As I think about Walter Rodney who we assassinated 36 years ago on a Friday night, I think about Guyana and its slow but steady march towards the edge. I think about some of the backwardness I read on Facebook and the newspaper blogs and I wonder if we can pull ourselves back. The brutal murders and our seemingly numbness to them; the national hypocrisy when it comes to our ethno-racial condition; the persistent betrayal by our political leaders replete with economic and psychological brutalization of poor people—the doom varies but it never goes away.
But in the end, we must press on. Rodney had asked that should he be cut down, his body should be used as a barricade for the revolution. The revolution which he started and for which he was murdered by the hand of the State, is still incomplete. Walter Rodney must live again in Guyana as he lives in the global space. As CLR James, another Caribbean intellectual giant, would say—there is always work to be done. Let us on this June 13, whatever our politics, say thanks to Walter Rodney for making us whole while he walked our streets and for the legacy of hope he has left us.
On this 36th anniversary of Walter Rodney’s assassination, I call on the Government to fulfil its promise to have the Walter Rodney COI report properly laid before parliament and be debated. I hope that such a debate avoids the political finger-pointing and instead focus on the big lessons, in particular the banishment of the use of the state and para state institutions as a tool of violence against political opponents and the citizenry in general.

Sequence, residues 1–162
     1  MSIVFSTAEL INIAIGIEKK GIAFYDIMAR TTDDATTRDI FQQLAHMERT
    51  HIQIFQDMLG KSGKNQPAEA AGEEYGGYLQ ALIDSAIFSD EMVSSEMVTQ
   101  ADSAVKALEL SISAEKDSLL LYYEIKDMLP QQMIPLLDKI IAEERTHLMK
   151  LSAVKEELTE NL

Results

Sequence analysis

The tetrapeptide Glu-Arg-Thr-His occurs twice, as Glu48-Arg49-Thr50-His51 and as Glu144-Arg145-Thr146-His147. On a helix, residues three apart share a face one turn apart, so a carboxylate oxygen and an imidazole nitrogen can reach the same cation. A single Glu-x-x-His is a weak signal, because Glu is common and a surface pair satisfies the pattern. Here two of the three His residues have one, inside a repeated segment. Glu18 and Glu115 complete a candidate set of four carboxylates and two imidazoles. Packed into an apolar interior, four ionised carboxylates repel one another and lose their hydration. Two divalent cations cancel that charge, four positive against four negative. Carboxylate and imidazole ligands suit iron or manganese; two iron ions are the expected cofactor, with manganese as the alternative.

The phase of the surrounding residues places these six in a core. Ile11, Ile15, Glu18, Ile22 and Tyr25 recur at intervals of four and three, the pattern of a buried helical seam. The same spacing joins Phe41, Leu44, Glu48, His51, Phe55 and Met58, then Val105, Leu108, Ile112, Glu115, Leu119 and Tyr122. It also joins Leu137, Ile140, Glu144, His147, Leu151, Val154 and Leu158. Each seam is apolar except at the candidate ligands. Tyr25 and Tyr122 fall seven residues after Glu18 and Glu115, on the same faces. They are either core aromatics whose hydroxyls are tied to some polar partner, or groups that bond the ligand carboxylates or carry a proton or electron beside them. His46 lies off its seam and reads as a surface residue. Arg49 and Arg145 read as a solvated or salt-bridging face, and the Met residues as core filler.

On this Rodney anniversary I call upon the President to expand his promise to inquire into the death of former PPP Minister Satyadeyow Sawh and his family to include all politically motivated killings over the last four decades. I especially call for inquiries into the deaths of Ronald Waddell and Courtney Crum Ewing—the families of these brothers and all of Guyana need to know the circumstances surrounding their deaths
I also urge the government to honour Walter Rodney in the most non-partisan manner by re-naming the University of Guyana the Walter Rodney University of Guyana. All Guyanese regardless of political affiliation agree that Rodney was one of our most brilliant scholars. It would be a fitting symbol of the efforts to regenerate the university and a living monument to Rodney and the centrality of education to Guyana’s national development.
I also call on the Ministry of Education to introduce Rodney’s two children’s books—Kofi Badu out of Africa and Lakshmi out of India into the school curriculum. Such a move would contribute immensely to national cohesion, particularly among the youth. Rodney’s insights into our ethnic dynamics are invaluable and should not be wasted.
Finally on this anniversary, I call for a national stand against attacks on the independent media. This is an area of our politics that Rodney was most concerned about. He saw the assassination of the journalist, Father Bernard Darke in 1979 as a descent into barbarism. The recent grenade attack on the Kaieteur News is a stark reminder that there is still fear of the “Open Word”
More of Dr. Hinds ‘writings and commentaries can be found on his YouTube Channel Hinds’ Sight: Dr. David Hinds’ Guyana-Caribbean Politics and on his website www.guyanacaribbeanpolitics.com. Send comments to firstname.lastname@example.org